It’s been a rocky start for Tidal. Back in March, when Jay Z first entered the music-streaming ring, he did it with a stiff, glitzy press conference that brought to the stage a bevy of his famous friends: Nicki Minaj, Rihanna, Madonna, Kanye West, Daft Punk, Jack White, Arcade Fire, and of course, Beyoncé. Except now they were each his business partner. Each member of this exclusive squad handpicked by music’s most ambitious entrepreneur was positioned as an “artist owner.” But merging art and business in such a branded way looked to many as superficial as the declaration Jay Z had his Founding Artists sign, one by one, after which they posed for a group photo to hang on the boardroom wall before disappearing behind a neon-blue square above their Twitter handle.
Seven months on, Tidal has been caught in a maelstrom of bad press — most loudly on social media, where Jay Z is often criticized for failing to prove Tidal a worthy competitor in the overpopulated streaming wars, and vilified whenever Beyoncé releases a music video exclusively on the service. Last week, when Jay Z testified in court about a “Big Pimpin’” sample he’s been sued over, he didn’t count Tidal among his many business ventures. “Yeah, yeah. Forgot about that,” he laughed, after his lawyer reminded him. The internet mocked him accordingly.
But on Tuesday night at Brooklyn’s Barclays Center, Tidal finally had cause to celebrate. Last month, Jay Z announced that the service had finally surpassed 1 million paid subscribers. It’s a paltry milestone compared to competitors like Apple Music, which this week boasted 6.5 million paid subscribers among its total 15 million users, now that its free trial ended three weeks ago for those who signed up upon its June launch. Nevertheless, it was reason enough for Jay Z to call in some favors from his board of trustees and trot them out for the livestreamed Tidal X: 1020, an event that felt more like a sprint to the finish than the benefit marathon it claimed to be.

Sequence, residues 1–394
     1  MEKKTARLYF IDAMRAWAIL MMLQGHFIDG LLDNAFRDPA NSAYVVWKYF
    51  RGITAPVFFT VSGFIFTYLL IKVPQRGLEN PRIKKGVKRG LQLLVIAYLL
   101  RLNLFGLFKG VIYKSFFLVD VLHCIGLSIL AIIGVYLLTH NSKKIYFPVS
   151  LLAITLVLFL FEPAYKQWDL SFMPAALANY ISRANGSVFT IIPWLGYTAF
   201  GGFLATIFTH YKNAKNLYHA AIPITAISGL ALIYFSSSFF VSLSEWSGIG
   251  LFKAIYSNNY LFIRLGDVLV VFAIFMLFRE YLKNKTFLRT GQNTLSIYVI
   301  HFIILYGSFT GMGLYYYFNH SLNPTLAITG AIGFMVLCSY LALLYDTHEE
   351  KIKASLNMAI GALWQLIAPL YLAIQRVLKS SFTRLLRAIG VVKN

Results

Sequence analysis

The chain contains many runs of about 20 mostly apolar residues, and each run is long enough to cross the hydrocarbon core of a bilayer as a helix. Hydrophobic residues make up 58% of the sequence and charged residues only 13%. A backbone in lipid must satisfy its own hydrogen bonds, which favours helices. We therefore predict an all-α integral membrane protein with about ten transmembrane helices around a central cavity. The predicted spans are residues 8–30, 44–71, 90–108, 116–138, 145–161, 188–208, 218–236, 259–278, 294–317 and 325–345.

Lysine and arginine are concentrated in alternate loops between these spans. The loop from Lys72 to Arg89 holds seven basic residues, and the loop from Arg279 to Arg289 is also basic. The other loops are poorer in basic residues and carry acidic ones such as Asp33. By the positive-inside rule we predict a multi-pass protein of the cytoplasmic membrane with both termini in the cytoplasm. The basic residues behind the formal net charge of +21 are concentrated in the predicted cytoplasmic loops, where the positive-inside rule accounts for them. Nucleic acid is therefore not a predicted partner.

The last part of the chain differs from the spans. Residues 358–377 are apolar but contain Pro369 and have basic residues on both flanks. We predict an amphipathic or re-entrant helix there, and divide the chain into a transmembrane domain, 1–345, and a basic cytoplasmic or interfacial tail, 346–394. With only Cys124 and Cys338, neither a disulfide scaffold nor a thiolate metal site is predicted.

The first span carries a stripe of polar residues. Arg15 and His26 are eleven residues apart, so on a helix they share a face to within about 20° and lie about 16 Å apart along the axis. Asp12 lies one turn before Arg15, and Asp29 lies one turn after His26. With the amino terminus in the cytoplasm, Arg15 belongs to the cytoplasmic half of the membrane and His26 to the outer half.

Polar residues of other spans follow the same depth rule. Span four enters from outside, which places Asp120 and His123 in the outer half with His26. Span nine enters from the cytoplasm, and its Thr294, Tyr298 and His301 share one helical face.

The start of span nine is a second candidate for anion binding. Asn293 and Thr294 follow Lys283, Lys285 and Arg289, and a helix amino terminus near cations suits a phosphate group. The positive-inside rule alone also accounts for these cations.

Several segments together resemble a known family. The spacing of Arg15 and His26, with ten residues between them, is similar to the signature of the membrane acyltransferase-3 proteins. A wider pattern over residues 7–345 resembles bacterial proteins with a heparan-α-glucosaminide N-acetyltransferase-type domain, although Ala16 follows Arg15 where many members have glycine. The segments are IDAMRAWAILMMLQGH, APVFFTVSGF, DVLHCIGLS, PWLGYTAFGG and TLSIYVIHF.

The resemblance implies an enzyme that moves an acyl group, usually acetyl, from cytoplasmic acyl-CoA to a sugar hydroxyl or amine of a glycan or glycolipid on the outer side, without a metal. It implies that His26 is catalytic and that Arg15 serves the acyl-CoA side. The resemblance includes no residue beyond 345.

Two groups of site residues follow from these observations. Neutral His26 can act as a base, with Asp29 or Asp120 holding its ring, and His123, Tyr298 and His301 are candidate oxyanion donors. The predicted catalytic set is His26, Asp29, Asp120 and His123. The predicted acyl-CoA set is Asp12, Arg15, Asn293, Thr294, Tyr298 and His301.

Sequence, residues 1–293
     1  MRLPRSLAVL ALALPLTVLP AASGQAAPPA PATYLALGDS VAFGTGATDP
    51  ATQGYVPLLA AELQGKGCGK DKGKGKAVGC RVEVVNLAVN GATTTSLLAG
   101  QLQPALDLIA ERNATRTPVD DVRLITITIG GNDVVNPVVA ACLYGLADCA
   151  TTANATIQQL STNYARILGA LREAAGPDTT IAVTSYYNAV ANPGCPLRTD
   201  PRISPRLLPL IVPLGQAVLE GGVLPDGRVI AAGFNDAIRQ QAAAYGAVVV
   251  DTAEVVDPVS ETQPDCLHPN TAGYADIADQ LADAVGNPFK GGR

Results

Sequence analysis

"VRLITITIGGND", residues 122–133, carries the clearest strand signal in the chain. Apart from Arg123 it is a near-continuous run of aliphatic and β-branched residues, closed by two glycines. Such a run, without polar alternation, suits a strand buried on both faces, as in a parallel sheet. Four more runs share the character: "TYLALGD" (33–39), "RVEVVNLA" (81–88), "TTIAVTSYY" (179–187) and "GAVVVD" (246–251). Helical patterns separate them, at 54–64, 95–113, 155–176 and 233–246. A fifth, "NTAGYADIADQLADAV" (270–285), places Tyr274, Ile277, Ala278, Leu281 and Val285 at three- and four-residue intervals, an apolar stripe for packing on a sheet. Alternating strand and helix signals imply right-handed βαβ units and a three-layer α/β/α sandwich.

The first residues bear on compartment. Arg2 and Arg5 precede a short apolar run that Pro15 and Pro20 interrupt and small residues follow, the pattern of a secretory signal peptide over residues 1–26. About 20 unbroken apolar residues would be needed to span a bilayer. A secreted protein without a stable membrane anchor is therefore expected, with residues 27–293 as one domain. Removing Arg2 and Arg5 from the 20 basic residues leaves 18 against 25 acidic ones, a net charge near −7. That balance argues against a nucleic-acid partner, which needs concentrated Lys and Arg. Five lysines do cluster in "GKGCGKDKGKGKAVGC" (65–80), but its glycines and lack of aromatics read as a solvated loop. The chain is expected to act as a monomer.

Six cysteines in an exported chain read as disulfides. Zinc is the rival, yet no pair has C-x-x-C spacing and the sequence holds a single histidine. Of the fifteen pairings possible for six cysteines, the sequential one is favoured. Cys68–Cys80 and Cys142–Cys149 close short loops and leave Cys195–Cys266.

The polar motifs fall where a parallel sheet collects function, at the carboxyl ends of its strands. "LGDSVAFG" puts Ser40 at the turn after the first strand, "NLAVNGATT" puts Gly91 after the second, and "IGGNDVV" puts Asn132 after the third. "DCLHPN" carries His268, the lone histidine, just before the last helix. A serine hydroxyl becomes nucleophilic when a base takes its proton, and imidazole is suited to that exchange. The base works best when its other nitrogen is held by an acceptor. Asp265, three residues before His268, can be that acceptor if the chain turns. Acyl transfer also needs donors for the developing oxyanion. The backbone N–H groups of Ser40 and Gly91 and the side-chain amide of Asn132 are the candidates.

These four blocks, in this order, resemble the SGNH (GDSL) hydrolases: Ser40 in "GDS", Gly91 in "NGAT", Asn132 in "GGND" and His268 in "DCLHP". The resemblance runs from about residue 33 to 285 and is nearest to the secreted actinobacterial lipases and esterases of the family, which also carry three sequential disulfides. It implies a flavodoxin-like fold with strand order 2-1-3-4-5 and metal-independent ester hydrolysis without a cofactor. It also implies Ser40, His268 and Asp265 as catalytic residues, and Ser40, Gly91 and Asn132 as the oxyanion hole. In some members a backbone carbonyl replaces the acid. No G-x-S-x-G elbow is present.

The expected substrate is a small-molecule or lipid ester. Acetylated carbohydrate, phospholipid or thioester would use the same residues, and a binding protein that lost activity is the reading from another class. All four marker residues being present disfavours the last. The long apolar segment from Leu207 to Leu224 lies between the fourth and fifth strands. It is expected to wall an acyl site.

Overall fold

The show saw Jay Z putting some of the company’s biggest shareholders — Beyoncé, Nicki Minaj, Usher, Lil Wayne — to work. (Prince, though originally billed as a headliner, failed to show.) They sped through the concert at the breakneck speed of models on the runway at New York Fashion Week; each artist materialized onstage, performed their most recognizable hit, then made a hurried exit. No encores, not much lingering applause, just a hello and a good-bye. In the time it took to identify some of the night’s first artists (the early birds were especially unfamiliar with the show’s opener, French band Indochine), their set was over. Tidal has never touted artist discovery as a selling point in the way Spotify has tried to, and so it served some of its rising artists (Alessia Cara, Flatbush Zombies, Justine Skye) as light appetizers, along with smaller names like country newcomer Thomas Rhett and J. Cole affiliate Bas. Most were allowed a song apiece, saving room for the main course.
Then came time for a bit of housekeeping: Radio personality Angie Martinez introduced Damian Marley as Tidal’s newest artist owner. Later, T.I. (the biggest crowd-pleaser at the halfway mark), brought out the cast of the buzzing YouTube show Money & Violence, confirming rumors that its second season would premiere on Tidal in January. Again, Jay Z kept business and art closely intertwined. With those press releases out of the way, the rest of the night resembled something closer to Summer Jam than Global Citizens Festival.